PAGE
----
Sudden unexpected death in epilepsy patients: Risk factors. A systematic review

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Monté CPJA, Arends JBAM, Tan IY, Aldenkamp AP, Limburg M, and de Krom MCTFM (2007) Sudden unexpected death in epilepsy patients: Risk factors. A systematic review. Seizure 16:1 1–7.

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Abstract: INTRODUCTION: Several risk factors for sudden unexplained death in epilepsy patients (SUDEP) have been proposed, but subsequent work has yielded conflicting data. The relative importance of various risk factors for SUDEP was never explored. The aim of this study is to review systematically risk factors for SUDEP and also to determine their relevance for SUDEP by calculating relative risk factor ratios. METHODS AND MATERIALS: Authors performed a literature-search on "SUDEP" in Medline, the Cochrane Library and EMBASE. Studies with unknown number of SUDEP cases or with less than five SUDEP cases and reviews were excluded from further analysis. The value of each paper was assessed, based on the quality of the study and the reliability of the diagnosis of SUDEP. This value ranged from 1 (low quality) to 10 (high quality). Papers with a value below 7 were eliminated for further analysis. For each analysed factor, a risk factor ratio was determined, with a higher ratio for a stronger risk factor. RESULTS: A number of strong risk factors for SUDEP: young age, early onset of seizures, the presence of generalized tonic clonic seizures, male sex and being in bed. Weak risk factors for SUDEP: prone position, one or more subtherapeutic bloodlevels, being in the bedroom, a strucural brain lesion and sleeping. CONCLUSIONS: In this study, authors have designed a quality scale to select papers. The relative importance of risk factors for SUDEP is demonstrated.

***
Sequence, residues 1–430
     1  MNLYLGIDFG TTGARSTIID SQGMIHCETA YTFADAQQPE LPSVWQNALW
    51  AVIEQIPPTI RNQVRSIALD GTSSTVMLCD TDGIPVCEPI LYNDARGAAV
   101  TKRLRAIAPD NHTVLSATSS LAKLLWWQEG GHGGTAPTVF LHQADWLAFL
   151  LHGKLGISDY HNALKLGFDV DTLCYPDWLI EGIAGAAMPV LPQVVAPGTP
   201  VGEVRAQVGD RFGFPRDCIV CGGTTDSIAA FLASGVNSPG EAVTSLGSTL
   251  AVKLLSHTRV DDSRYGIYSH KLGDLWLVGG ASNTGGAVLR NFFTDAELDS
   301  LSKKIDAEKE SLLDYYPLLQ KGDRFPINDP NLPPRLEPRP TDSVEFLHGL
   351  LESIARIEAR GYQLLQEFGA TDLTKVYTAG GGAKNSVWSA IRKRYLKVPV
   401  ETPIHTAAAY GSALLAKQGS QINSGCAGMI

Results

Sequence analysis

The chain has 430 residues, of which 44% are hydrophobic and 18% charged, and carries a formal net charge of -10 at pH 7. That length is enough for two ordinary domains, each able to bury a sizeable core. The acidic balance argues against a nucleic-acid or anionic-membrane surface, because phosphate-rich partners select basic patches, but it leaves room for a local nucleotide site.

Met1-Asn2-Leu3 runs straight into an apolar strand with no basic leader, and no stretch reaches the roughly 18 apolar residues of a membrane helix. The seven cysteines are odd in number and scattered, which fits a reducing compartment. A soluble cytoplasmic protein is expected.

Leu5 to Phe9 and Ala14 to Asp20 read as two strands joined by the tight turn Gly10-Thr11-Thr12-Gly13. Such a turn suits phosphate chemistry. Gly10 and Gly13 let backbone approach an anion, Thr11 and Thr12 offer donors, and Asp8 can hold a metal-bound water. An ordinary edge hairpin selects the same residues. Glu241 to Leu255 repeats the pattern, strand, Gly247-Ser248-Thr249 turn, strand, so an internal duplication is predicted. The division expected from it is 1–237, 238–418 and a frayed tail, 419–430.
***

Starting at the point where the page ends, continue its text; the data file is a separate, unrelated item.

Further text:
Keywords: Epilepsy; SUDEP; Risk factor; Evidence based


  • Review of studies on SUDEP risk factors, considering only reports of 5 or more cases. Strong risk factors identified include youth, early seizure onset, generalized tonic-clonic seizures, male sex, and being in bed. Weak risk factors identified include being prone, history of subtherapeutic AED, and sleeping.


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